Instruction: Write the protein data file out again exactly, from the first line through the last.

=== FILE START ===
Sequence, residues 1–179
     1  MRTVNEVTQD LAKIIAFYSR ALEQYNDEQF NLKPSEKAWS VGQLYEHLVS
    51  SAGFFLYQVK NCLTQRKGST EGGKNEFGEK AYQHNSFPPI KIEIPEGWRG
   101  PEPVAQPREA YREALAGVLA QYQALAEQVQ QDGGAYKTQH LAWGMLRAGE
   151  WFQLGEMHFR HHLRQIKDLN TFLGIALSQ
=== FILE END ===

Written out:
Sequence, residues 1–179
     1  MRTVNEVTQD LAKIIAFYSR ALEQYNDEQF NLKPSEKAWS VGQLYEHLVS
    51  SAGFFLYQVK NCLTQRKGST EGGKNEFGEK AYQHNSFPPI KIEIPEGWRG
   101  PEPVAQPREA YREALAGVLA QYQALAEQVQ QDGGAYKTQH LAWGMLRAGE
   151  WFQLGEMHFR HHLRQIKDLN TFLGIALSQ